The government began collecting DNA from migrants starting this summer.
At some point, this summer border agents began collecting DNA from migrants in order to verify whether or not they were related to the people they were traveling with. Agents were trying to prove whether family units entering the country together were actually related or traveling under false information. The DNA they gathered at the point was just to show family DNA.
“This was really an investigative tool in attacking the fraudulent family phenomenon,” an ICE official said to CNN about the operation that began this summer. “We’re interested in using this as a tactical law enforcement tool, one of many, to be deployed when looking at a potential fraudulent family scenario.”
This new type of DNA that the administration is aiming to get would provide more extensive information and also would not be shared with other law enforcement agencies.
The problem here lies with privacy concerns. For example, if an immigration official gathers DNA information from a migrant who entered the country illegally only to be given asylum later — because the court process takes a very long time — that person, who has the option of becoming a U.S. citizen at some point now has a criminal stain on their record for the rest of their life.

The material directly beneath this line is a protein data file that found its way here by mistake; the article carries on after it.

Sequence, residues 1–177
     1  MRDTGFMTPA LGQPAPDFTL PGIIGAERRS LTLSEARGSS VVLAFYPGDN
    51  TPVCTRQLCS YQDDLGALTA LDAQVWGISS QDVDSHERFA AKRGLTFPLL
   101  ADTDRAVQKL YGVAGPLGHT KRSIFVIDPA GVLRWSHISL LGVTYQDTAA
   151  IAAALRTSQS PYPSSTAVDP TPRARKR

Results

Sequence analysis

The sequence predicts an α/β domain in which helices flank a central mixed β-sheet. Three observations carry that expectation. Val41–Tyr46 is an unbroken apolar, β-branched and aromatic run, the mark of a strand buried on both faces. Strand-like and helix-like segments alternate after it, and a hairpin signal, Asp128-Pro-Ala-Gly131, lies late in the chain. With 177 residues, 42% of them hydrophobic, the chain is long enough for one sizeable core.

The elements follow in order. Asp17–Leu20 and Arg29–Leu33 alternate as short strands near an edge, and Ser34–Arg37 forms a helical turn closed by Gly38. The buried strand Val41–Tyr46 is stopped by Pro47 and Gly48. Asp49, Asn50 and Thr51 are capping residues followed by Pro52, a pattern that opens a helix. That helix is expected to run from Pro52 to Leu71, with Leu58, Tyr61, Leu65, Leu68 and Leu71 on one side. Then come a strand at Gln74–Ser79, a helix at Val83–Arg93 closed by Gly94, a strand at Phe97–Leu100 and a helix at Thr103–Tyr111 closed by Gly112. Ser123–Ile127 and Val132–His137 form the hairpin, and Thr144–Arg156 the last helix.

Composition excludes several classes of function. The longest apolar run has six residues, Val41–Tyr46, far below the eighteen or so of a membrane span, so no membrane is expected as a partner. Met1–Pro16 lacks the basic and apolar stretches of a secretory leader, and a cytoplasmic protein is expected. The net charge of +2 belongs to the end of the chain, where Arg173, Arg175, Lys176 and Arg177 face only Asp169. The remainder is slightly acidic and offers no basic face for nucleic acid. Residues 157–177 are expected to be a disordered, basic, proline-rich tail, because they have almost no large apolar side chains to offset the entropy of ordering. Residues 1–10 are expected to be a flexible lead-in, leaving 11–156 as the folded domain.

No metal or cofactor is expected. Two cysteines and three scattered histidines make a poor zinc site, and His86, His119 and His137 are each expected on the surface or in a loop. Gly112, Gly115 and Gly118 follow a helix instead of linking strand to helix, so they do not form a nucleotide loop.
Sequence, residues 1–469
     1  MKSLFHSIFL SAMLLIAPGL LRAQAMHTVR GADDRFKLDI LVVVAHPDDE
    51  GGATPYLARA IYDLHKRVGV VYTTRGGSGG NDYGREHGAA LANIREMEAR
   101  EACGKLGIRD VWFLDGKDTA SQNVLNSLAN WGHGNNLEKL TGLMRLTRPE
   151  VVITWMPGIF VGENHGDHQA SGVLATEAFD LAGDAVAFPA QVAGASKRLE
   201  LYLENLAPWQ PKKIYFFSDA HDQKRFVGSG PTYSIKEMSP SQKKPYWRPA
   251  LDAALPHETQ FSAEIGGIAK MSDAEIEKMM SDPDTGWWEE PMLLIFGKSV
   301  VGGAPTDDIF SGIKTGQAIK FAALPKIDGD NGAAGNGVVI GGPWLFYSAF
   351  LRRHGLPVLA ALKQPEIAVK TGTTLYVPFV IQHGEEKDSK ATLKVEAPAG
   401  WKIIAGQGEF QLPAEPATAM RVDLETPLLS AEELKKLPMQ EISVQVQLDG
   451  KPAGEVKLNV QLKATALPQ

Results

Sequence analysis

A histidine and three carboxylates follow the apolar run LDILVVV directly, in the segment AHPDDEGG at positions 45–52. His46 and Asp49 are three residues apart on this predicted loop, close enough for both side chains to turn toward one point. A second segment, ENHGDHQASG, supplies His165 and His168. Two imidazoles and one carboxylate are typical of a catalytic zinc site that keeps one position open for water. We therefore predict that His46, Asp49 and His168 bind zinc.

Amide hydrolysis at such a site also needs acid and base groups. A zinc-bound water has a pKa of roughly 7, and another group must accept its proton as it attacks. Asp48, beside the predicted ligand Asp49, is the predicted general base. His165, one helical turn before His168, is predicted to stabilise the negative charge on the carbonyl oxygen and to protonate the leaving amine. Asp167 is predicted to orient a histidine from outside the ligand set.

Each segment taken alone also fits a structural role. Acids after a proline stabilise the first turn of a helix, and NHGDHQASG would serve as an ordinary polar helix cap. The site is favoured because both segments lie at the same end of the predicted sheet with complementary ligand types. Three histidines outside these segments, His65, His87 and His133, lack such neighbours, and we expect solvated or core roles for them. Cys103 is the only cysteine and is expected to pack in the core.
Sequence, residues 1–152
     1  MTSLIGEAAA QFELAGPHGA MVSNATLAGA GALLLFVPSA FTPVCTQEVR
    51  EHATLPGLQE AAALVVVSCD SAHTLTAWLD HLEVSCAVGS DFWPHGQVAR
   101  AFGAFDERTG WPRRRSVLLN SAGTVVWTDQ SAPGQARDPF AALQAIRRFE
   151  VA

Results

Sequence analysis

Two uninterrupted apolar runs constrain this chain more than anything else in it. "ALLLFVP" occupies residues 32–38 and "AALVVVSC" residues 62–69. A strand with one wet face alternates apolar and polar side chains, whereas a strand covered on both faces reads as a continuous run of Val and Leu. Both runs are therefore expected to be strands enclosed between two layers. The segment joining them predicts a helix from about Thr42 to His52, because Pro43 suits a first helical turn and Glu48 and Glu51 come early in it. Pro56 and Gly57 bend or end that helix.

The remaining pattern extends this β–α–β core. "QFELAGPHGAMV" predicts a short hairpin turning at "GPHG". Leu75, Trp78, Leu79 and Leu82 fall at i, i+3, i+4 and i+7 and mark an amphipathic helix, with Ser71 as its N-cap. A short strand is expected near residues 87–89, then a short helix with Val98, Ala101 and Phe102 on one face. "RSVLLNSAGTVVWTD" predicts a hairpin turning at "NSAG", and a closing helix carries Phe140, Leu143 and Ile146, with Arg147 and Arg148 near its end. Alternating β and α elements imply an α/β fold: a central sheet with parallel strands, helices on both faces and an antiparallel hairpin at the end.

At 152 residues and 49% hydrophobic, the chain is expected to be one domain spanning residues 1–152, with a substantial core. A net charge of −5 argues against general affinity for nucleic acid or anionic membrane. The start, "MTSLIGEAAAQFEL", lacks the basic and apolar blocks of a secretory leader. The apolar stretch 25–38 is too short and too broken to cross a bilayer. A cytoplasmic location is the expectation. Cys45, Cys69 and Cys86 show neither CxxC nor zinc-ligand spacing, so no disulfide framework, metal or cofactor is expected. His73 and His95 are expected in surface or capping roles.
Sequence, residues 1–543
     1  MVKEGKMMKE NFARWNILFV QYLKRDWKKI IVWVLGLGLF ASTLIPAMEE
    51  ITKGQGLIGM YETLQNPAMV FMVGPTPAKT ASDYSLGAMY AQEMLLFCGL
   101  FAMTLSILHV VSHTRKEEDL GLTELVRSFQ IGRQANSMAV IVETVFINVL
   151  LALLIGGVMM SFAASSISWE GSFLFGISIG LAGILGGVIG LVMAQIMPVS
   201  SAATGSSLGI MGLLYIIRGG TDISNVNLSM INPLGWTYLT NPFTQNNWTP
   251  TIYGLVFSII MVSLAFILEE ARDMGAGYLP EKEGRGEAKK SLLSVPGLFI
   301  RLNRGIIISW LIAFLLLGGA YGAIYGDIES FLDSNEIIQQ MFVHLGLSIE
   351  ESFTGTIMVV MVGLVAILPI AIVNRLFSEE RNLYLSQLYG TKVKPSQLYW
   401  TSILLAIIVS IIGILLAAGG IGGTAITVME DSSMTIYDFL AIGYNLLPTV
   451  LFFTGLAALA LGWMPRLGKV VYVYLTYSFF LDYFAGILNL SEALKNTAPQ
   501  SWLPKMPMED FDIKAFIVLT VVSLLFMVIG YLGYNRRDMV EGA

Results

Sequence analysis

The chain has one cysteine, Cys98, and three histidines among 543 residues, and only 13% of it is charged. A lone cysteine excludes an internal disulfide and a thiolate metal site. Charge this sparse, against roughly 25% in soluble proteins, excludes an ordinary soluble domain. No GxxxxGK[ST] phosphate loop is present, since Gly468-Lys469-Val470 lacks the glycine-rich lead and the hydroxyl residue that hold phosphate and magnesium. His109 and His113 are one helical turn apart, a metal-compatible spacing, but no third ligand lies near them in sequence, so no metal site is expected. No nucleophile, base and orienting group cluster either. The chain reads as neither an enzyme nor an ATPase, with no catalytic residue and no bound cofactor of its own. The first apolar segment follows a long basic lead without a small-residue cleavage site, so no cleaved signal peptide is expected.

Writer Kelly Hayes wrote an extensive Twitter thread that exposes the extensive damage and intrusion this form of DNA gathering will have for years to come.
“A DNA registry for migrants,” Hayes tweeted. “Imagine the ugly possibilities of having a marginalized group of people that large cataloged according to their DNA, and that catalog being in the hands of the state. I know folks are focused on Ukraine, but this is a whole thing. We’re talking about hundreds of thousands of people, including children. With evolving technologies, the potential surveillance applications of a massive DNA registry are ominous AF.”
It’s unclear when this DNA collection will officially begin, even though the New York Times reports that Homeland Security officials have already said they have the right to get DNA from migrants. However, the Supreme Court has already ruled undocumented people have rights just as U.S. citizens do.
“Though the Supreme Court has found that the constitutional right to privacy applies to everyone within the United States, regardless of their immigration status, a more restrictive interpretation of the Fourth Amendment has been applied within a 100-mile zone of the border, where suspicionless searches are allowed, even of American citizens,” the Times reports. And yet we already know some attorneys are trying to fight that the Fourth Amendment doesn’t apply to undocumented people.